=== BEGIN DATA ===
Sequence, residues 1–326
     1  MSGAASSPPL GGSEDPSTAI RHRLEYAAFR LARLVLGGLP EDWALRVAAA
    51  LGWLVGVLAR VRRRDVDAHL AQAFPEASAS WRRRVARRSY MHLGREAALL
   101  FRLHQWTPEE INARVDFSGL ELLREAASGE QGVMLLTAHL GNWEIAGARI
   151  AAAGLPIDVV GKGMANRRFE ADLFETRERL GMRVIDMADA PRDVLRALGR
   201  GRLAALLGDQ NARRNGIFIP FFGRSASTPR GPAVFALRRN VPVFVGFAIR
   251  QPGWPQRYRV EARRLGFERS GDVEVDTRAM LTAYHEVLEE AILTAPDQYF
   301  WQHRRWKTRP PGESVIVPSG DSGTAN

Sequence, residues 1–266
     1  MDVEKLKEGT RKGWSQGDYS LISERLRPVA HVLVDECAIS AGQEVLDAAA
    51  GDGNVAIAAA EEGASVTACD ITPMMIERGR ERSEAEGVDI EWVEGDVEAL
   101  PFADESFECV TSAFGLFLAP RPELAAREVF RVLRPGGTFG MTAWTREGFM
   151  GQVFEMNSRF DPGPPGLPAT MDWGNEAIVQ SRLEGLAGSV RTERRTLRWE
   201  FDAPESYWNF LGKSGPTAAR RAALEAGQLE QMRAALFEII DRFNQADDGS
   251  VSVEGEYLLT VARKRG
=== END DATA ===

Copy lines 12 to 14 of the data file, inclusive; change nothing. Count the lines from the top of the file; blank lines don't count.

   101  PFADESFECV TSAFGLFLAP RPELAAREVF RVLRPGGTFG MTAWTREGFM
   151  GQVFEMNSRF DPGPPGLPAT MDWGNEAIVQ SRLEGLAGSV RTERRTLRWE
   201  FDAPESYWNF LGKSGPTAAR RAALEAGQLE QMRAALFEII DRFNQADDGS